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SpiderLabs Blog

Deobfuscating the Recent Emotet Epoch 4 Macro

In early March, one of the notorious botnets, Emotet, resumed its spamming activities after a 3-month period of inactivity.  

Recently, Trustwave SpiderLabs saw Emotet switch focus to using OneNote attachments, which is a tactic also adopted by other malware groups in recent months. This analysis is intended to help the cybersecurity community better understand the wider obfuscation and padding tricks Emotet is using.  

For a more in-depth analysis of this technique, please refer to our series of blog posts which can be found here: Trojanized OneNoteA Noteworthy Threat, and OneNote Spear-Phishing Campaign 

At first, this spam campaign followed the typical scenario with a document file carrying malware that was attached to a convincing reply-chain email. However, Emotet used a ‘new old trick’ in an attempt to bypass security scanners by compressing a bloated document file into a ZIP file.  


Figure 1. Recent Emotet spam campaign with a ZIP compressed document file 

Twitter handle @Cryptolaemus1 who tracks this botnet noticed this spam activity coming from Emotet Epoch 4.     

Figure 2. A tweet from Cryptolaemus 

At the surface level, the ZIP file appears small in file size but when extracting the document from the ZIP, we see that the decompressed file size is a little over 500MB. Upon further investigation of the document, we found the reason for the abnormal file size is a zero-byte padding technique.  

This technique is where a file's size is inflated by appending null bytes or useless data to the end of a file. Often, this is done as an evasion technique to avoid security software as many tools do not allow uploading or scanning of large files. It is extremely suspicious, so much so, that our Trustwave MailMarshal email gateway simply blocked all the samples up-front due to the massively redundant data.  


Figure 3. Suspicious document before the padding is removed. 

After removing most of the padding, the file comes down to just 303KB. 


Figure 4. Suspicious document after the padding is removed. 

Deobfuscating the Macro: 

The document file is similar to previous Emotet spam campaigns and includes a highly obfuscated malicious macro. The code obfuscation may initially appear messy and difficult to read. 


Figure 5. Emotet’s obfuscated VBA macro1 

It contains random function and variable names, as well as thousands of lines of seemingly unused code. However, there is a recognizable macro name present in the code: AutoOpen. This macro is an event that is triggered when the document file is opened, making it the entry point function. 


Figure 6. Emotet’s use of random macro names2 

Within the AutoOpen macro, a specific function named ‘uYiCsM’ is called. This is repeatedly called throughout the code, appearing a total of 41 times. 


Figure 7. Function uYiCsM is the decode function3 

Before calling the decode function, a block of code initializes the variables that will be passed as parameters to the decode function. These parameters include the character table, a list of character indices, and string length.  


Figure 8. Before calling the decode function, it initializes variables for the string length, the character table.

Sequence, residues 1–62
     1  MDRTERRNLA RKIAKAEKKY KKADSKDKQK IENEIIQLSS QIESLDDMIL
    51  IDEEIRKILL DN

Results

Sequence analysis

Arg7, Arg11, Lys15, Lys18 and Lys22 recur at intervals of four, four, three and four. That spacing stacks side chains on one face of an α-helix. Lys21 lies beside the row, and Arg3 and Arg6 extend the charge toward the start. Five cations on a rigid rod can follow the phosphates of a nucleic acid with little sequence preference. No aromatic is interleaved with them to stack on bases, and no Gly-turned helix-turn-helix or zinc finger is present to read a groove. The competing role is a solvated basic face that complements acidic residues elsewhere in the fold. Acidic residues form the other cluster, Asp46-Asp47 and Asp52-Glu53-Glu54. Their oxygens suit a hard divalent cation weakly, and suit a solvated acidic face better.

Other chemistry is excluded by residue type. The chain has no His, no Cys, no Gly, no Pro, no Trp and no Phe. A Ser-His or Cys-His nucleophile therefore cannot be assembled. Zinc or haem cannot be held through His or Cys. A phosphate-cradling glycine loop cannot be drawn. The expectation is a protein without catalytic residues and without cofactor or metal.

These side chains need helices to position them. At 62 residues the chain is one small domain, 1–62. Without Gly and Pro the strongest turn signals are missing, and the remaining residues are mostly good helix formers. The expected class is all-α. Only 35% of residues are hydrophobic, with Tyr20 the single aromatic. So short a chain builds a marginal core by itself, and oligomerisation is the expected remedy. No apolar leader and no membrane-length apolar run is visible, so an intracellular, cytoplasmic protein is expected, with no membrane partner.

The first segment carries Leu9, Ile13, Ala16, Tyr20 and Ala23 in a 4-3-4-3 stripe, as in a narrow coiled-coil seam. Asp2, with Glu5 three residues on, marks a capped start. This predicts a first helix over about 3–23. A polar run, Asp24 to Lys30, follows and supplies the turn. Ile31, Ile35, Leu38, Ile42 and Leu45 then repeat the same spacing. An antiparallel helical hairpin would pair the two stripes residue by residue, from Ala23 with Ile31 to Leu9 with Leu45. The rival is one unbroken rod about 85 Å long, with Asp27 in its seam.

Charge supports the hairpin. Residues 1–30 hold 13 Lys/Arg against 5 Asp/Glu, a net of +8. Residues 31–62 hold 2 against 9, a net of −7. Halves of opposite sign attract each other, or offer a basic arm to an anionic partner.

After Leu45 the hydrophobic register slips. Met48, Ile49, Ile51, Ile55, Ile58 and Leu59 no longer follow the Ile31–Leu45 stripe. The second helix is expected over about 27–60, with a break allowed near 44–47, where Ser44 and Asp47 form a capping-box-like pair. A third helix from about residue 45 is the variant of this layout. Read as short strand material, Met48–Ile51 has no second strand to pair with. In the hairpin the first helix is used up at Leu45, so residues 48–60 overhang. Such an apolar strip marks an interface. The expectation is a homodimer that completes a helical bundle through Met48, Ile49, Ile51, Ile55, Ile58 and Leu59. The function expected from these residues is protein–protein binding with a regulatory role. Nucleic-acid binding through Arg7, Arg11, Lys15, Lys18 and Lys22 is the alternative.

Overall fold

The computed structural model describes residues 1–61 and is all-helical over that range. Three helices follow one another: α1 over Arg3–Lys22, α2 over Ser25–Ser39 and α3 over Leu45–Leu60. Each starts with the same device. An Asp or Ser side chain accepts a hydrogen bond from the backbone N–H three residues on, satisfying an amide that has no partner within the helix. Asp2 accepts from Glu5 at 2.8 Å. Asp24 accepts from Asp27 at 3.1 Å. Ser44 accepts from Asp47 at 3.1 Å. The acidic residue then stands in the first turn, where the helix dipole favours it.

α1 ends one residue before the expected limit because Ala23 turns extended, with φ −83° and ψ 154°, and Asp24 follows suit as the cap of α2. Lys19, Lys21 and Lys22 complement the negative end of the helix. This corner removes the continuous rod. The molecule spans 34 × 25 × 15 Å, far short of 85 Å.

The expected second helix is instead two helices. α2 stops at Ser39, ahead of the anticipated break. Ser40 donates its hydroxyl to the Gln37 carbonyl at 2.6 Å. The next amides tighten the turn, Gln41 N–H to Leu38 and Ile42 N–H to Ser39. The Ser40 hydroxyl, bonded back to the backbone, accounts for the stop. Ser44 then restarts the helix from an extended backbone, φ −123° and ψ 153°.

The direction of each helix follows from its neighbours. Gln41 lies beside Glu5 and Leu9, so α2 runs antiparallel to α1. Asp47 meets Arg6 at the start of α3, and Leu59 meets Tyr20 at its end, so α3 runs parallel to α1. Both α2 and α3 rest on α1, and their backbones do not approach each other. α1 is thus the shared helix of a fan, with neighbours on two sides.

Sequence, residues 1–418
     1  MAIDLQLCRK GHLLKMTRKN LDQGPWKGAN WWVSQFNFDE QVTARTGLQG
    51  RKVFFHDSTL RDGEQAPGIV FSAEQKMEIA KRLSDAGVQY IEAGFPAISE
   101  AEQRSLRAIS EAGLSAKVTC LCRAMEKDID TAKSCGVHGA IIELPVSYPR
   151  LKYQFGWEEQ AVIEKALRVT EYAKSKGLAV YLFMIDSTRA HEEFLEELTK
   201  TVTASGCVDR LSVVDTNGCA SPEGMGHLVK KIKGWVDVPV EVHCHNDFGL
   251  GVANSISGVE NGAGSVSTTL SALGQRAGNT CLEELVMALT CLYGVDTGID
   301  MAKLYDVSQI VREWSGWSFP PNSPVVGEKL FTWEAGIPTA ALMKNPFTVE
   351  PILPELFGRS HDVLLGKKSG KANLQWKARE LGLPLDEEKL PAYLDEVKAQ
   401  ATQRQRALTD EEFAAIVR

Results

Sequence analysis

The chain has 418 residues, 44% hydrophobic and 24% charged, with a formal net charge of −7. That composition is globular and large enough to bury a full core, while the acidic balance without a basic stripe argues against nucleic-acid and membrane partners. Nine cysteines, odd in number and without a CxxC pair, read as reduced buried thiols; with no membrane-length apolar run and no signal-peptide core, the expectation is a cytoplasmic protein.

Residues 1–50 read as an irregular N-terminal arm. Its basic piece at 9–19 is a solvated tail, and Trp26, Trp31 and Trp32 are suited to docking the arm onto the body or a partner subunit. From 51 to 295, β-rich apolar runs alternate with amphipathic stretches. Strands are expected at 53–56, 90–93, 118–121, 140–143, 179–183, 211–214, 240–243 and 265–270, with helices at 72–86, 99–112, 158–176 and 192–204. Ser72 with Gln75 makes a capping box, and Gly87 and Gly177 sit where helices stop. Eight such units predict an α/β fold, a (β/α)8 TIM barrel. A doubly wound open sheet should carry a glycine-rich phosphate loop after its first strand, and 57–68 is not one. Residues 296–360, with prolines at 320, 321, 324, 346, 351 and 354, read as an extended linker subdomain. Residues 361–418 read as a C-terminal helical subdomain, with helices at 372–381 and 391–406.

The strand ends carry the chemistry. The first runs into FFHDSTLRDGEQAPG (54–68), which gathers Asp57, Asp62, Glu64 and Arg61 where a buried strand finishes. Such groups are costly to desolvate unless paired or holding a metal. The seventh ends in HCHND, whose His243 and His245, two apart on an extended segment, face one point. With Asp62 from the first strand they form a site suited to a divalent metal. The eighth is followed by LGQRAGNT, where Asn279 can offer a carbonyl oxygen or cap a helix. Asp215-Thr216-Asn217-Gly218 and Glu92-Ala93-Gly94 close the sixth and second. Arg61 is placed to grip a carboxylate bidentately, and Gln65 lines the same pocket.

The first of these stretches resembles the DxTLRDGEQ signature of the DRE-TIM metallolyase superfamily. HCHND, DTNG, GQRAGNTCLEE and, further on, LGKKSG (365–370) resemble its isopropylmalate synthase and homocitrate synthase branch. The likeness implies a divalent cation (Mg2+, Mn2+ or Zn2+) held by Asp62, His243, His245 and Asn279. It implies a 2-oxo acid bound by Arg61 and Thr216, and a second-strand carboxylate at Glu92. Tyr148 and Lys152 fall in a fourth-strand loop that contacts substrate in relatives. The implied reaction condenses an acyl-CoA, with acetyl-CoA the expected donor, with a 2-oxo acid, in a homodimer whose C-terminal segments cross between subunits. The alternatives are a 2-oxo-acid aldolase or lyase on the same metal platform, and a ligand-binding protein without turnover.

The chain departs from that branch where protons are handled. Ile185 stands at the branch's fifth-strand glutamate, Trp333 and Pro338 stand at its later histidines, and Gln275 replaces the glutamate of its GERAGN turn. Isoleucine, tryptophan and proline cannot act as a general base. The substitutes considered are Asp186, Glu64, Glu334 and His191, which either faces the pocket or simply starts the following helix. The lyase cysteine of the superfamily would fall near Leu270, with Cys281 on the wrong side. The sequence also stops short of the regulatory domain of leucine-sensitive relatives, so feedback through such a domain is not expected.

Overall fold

Deobfuscating a single string can require a block of code that is notably lengthy and may span several hundred lines of code. Nevertheless, as one delves deeper into the code, a pattern may start to emerge and become easier to discern. 


Figure 9. Initializing character indices is a pattern that becomes evident throughout the code. However, assigning a single value to one index uses three lines of code, contributing to the code's overall length and complexity. 

The length of obfuscated code is primarily due to the initialization of the list of character indices, which can be convoluted. Additionally, the use of individual lines of code to assign each value to an index can contribute to the overall length of the code. 

The code below is the decode function that takes a character table and a list of character indices and uses them to decode a string by reading characters from the character table based on the indices and appending them to a new string. 


Figure 10. Obfuscated code of the decode function. 


Figure 11. Right is the deobfuscated and beautified code for easy readability. 


Figure 12. We converted the decode function into a Python code to decode the strings in a controlled manner. 

Once strings are decoded, we can refactor the code and beautify it for easy readability. We have shared the complete deobfuscated VBA macro code in our Gists. 


Figure 13. Comparison of the obfuscated and the deobfuscated AutoOpen macro. 

This summary describes the flow of the AutoOpen macro:

  • Declare variables and assign values to the variables for URLs and file extensions. 
  • Generate a filepath with the current time and append the ‘.tmp’ file extension to it. 
  • Try to download a file from the first URL, and if that fails, try to download from the remaining URLs until a download is successful. 
  • If a download is successful, it checks whether the file is a PE or a ZIP archive. 
  • If the file is a ZIP archive, the malware unpacks the binary. 
  • Proceeds to execute the binary via regsvr32.exe. 

It is worth noting that the file extracted from the downloaded archive also contains an excessive amount of null bytes, which gives the impression that it is a much larger file than it actually is. 












File Name 

Hash Type 


ACH Payment   








File Name 

Hash Type 


ACH Payment info.doc  








File Name 

Hash Type 









File Name 

Hash Type 









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